The Baltimore community came together Sunday night to remember those lost and hurt in Orlando's night club shooting Sunday.
All the gatherings were emotional and full of people mourning yet another shooting, this time, the largest in U.S. history.
The horror that struck Orlando Sunday morning has now hit Baltimore communities.
"It's really horrible and wrong and it's also very disturbing how often it's happening nowadays. I feel like we need to take action and do something about gun laws and what's happening," Quimby Sohlberg told ABC2.
A special service was held at Memorial Episcopal Church. Dozens, including Baltimore Police Commissioner, Kevin Davis paid their respects to those murdered and hurt at Pulse, an LGBTQ club in Orlando.
"These things keep happening again and again and again and I think collectively our nation has to figure it all out," said Davis.
"Whether it was terrorist, whether it was anti gay hatred, whether it was some bizarre combination. we don't know anything other than it was just pure hate," said Lori McPherson, a member of the LGBTQ community.
In times like these, religious leaders like Reverend Grey Maggiano, say people need faith.
"People often need a place just to go and grieve, to talk and to have companionship and that's what the role of the church is."
But the frustration and grief were apparent.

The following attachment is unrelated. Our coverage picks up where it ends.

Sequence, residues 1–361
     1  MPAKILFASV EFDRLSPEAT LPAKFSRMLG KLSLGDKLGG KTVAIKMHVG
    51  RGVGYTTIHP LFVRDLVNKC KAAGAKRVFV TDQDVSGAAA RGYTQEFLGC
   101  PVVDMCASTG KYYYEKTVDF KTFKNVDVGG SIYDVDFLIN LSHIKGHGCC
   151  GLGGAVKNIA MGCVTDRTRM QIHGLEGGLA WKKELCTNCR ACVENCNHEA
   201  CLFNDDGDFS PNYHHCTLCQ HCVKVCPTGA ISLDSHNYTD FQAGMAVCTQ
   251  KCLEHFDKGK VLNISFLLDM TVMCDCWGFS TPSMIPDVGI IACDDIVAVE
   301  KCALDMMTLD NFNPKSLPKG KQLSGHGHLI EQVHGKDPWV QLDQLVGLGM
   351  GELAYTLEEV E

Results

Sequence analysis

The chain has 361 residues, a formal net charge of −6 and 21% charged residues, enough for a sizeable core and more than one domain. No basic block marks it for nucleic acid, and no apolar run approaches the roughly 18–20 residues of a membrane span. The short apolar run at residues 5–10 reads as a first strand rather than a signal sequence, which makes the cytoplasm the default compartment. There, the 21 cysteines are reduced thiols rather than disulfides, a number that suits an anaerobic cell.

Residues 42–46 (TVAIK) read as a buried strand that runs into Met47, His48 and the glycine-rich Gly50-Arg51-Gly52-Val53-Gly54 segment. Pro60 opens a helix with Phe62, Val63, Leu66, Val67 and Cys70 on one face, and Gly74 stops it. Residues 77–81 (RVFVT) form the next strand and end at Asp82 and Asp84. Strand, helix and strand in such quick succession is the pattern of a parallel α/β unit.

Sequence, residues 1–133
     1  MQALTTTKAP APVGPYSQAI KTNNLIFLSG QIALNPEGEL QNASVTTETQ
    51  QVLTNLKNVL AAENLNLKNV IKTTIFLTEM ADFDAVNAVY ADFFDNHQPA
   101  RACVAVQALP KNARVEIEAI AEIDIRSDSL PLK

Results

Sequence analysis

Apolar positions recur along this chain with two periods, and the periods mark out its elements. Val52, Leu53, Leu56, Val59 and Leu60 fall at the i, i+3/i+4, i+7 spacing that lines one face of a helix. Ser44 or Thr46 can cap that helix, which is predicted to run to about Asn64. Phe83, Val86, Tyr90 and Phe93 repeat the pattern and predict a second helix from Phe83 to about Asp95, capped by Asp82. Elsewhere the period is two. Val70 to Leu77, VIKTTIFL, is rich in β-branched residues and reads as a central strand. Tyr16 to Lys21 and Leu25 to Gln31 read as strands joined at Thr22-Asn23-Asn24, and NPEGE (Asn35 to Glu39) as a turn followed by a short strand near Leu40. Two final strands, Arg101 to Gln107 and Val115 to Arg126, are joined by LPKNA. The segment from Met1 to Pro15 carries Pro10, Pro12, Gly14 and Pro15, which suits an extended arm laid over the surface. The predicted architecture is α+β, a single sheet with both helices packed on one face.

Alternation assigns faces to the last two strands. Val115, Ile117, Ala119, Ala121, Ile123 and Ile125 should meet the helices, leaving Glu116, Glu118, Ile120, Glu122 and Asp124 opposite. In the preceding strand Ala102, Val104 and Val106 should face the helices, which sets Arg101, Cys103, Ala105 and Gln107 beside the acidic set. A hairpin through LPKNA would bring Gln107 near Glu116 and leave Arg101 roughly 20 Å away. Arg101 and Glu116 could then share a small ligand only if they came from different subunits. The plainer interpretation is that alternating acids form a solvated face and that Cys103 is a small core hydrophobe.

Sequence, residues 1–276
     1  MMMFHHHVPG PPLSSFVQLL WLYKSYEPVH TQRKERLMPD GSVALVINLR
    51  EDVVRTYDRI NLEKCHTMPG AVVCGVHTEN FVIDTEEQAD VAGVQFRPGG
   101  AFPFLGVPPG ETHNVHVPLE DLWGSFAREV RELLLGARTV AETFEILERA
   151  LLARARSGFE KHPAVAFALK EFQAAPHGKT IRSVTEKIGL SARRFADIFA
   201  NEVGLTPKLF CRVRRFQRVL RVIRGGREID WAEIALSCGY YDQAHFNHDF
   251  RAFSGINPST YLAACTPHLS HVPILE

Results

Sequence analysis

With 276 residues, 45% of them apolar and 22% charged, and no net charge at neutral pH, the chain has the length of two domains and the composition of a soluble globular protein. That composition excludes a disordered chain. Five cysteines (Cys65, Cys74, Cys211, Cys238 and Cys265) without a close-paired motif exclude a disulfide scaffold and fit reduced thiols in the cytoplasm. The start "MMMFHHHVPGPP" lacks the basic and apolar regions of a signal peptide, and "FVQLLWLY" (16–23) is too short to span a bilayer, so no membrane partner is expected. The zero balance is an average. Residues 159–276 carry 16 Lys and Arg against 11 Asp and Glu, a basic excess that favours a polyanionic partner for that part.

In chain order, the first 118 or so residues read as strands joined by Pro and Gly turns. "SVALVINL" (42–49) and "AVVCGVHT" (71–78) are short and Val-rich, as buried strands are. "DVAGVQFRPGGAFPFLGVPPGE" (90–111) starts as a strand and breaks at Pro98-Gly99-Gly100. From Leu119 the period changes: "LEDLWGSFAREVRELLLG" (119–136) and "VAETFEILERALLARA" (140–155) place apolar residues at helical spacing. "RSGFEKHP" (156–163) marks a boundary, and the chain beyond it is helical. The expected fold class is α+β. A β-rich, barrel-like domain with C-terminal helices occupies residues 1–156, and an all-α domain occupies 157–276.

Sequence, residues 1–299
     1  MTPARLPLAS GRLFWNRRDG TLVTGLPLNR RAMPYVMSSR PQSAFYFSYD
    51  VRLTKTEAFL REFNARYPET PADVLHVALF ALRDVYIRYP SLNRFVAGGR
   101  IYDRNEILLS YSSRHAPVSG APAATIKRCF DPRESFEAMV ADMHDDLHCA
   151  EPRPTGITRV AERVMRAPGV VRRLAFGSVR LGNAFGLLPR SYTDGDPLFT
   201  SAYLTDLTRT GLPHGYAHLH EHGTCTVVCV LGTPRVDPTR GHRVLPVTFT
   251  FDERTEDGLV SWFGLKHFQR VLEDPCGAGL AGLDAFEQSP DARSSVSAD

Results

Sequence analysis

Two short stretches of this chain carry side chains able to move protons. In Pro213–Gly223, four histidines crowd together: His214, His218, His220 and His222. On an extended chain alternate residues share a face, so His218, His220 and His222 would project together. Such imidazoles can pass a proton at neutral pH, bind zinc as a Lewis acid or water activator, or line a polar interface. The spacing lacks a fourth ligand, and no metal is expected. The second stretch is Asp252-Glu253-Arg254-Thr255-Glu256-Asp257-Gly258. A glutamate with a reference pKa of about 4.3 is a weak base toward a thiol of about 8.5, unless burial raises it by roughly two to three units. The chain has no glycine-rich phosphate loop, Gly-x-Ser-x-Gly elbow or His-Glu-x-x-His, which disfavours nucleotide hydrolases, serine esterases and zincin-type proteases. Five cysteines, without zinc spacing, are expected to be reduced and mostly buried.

"If you just let things happen, things aren't going to change," said Sohlberg.
"It has to do with gun violence, it has to do with Islamic terrorism, it has to do with gay rights," Maggiano said.
Nearby at the George Washington Memorial, the feeling was the same Sunday night. Why does the senseless violence continue?
"For many of us it could've been our friends, it could've been people that we cared about and that's why an event like this is so traumatic," Maggiano said.
"We thought this was over, we thought the reason my generation worked so hard and the generation behind me worked so hard was so we wouldn't have to go through this again," McPherson said.
More vigils are planned this week across the nation. Many political leaders are also speaking out about the tragedy including Maryland Governor, Larry Hogan.
He's ordered that all flags in the state fly at half-staff.